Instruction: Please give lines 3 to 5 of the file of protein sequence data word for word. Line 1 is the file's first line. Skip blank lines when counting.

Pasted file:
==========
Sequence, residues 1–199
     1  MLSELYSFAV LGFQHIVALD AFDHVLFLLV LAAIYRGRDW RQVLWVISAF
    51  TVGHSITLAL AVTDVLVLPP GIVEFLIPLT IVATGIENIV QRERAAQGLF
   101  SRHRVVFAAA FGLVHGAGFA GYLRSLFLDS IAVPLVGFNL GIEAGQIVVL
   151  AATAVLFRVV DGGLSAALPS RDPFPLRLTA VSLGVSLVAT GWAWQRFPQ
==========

    51  TVGHSITLAL AVTDVLVLPP GIVEFLIPLT IVATGIENIV QRERAAQGLF
   101  SRHRVVFAAA FGLVHGAGFA GYLRSLFLDS IAVPLVGFNL GIEAGQIVVL
   151  AATAVLFRVV DGGLSAALPS RDPFPLRLTA VSLGVSLVAT GWAWQRFPQ